Councilor Winter said that they should try to meet with the board of Regents.

Assistant Professor Kristina Yu said, "Our students are spatial pioneers. Incentivize students with housing to keep graduates here and get them to look at improving areas."

Dean Forbes Isais said that the creative economy of the city is important. She said that the downturn in the economy, which adversely affects the building and trades industry and therefore architects, has given design professionals the realization that they need to be involved in materials research.

"We are just waking up to that dimension of who we are. Previously we allowed product people to do R&D.; Now universities are doing more of that," she said.

"Despite the 30 percent decrease in the construction industry in the last five years, in taxable gross receipts, construction remains in second place behind retail," she said. Forbes Isais said that the construction industry figures don't come just from housing on the westside. "It's from other things like carpentry, furniture, ductwork, lighting, stucco and infrastructure," she said.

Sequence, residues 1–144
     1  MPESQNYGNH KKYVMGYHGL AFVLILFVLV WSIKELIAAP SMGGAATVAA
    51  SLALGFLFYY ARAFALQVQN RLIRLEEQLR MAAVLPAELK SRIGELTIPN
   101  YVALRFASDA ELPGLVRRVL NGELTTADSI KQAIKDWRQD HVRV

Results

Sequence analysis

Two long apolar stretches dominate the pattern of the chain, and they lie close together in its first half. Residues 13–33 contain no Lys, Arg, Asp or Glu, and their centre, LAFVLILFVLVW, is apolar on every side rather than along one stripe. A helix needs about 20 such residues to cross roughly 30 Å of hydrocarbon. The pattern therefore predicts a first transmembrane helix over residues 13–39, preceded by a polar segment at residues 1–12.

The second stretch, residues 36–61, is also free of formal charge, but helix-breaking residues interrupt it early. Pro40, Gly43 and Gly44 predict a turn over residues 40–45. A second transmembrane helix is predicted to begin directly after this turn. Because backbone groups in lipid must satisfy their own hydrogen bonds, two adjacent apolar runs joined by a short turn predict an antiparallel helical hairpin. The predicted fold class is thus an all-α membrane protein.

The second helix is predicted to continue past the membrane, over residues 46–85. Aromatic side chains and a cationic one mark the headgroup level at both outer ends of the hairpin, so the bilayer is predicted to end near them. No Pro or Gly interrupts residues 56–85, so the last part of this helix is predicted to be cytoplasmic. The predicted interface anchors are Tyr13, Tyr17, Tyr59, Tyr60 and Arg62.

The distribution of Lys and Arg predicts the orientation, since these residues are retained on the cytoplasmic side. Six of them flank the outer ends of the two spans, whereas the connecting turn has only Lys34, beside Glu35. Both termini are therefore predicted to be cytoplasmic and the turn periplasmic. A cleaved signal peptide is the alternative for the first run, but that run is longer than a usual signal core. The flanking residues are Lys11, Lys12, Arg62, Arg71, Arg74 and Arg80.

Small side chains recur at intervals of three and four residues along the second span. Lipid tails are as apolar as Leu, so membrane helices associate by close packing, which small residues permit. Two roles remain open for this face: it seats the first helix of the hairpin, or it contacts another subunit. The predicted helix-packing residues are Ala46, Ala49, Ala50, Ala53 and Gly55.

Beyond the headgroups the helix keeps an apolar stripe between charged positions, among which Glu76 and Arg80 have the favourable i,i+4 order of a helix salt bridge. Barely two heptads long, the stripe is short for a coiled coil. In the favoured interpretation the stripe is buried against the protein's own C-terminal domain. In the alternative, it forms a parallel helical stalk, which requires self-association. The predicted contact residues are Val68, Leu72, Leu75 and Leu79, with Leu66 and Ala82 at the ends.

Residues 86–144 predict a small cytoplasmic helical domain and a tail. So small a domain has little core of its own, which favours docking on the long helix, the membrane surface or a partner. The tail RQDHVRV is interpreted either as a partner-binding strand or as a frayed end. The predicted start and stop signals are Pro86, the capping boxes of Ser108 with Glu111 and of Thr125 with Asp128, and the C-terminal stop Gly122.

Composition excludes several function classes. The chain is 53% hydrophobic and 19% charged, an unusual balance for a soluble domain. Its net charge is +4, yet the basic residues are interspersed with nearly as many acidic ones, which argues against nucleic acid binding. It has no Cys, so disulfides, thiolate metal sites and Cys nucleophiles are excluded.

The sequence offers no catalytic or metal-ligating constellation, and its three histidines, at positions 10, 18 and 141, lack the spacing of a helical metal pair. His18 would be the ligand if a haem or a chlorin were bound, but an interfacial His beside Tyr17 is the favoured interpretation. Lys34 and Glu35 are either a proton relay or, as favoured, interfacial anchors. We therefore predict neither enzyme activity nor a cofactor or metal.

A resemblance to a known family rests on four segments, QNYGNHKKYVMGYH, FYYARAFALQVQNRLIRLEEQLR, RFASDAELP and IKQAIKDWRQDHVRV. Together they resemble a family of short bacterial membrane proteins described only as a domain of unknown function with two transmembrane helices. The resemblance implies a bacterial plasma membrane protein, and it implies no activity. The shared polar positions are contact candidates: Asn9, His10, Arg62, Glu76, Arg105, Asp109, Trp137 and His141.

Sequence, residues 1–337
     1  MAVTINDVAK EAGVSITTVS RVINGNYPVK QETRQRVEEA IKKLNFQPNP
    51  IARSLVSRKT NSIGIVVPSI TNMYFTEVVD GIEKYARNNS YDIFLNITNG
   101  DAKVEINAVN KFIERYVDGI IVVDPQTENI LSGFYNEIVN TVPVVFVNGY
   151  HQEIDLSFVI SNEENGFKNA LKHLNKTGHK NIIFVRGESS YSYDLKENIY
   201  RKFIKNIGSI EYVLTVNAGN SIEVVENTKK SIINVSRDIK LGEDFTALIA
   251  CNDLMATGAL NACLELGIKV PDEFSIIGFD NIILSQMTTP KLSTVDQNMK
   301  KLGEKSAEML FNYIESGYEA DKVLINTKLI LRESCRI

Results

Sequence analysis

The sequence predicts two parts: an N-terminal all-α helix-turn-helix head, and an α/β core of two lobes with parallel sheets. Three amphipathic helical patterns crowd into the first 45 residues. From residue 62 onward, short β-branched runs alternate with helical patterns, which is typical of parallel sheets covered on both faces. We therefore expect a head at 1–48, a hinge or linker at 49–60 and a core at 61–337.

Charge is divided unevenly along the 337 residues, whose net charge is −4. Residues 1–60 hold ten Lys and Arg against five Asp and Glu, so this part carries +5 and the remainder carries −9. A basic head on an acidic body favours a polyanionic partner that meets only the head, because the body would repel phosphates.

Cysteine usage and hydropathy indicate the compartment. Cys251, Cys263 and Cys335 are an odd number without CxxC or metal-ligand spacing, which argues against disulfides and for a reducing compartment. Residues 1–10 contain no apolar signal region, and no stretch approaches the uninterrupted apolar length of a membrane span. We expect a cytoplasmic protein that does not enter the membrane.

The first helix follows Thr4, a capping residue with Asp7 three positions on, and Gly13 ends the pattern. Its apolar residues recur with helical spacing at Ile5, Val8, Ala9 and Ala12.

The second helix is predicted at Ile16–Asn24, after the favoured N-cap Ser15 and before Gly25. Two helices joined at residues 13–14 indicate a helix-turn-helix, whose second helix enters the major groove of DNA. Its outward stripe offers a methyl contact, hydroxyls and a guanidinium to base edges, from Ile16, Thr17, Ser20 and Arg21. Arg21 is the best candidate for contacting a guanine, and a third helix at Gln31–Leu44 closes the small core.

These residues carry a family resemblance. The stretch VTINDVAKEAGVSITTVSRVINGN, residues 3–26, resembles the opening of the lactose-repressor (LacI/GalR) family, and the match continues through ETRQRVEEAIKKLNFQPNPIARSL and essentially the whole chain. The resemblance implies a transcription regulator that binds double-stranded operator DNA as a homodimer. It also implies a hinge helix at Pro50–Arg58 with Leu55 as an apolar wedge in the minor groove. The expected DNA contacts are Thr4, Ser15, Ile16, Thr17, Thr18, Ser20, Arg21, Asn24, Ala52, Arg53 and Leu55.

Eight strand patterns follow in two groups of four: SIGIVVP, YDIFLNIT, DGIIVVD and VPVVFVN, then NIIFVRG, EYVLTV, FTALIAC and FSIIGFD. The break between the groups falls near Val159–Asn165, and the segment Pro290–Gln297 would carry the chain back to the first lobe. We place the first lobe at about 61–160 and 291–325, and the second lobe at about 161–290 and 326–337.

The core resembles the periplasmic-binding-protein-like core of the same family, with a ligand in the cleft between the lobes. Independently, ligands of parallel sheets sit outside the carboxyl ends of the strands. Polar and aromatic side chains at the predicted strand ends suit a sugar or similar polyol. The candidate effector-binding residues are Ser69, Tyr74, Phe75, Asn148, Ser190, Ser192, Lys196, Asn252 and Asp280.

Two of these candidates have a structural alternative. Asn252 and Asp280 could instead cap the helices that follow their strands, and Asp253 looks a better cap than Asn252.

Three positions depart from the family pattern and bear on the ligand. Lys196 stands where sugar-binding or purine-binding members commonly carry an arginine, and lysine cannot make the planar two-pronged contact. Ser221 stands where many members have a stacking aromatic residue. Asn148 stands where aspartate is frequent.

"The School of Architecture and Planning is dedicated to a quality built environment at the same time we are dedicated to economic development. Decisions about designing include supporting the natural environment. We must take into consideration the people, plants and animals that will depend upon the environment in the future. That is the baseline for design decisions," she said.

Capital outlay can't jumpstart the economy without jumpstarting the construction industry, she said. "Now that it's dormant, we have an opportunity to do it right. Equally, the town and gown relationship is possible because the stall in the economy allows for it," she said.

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Media Contact: Carolyn Gonzales (505) 277-5920; email: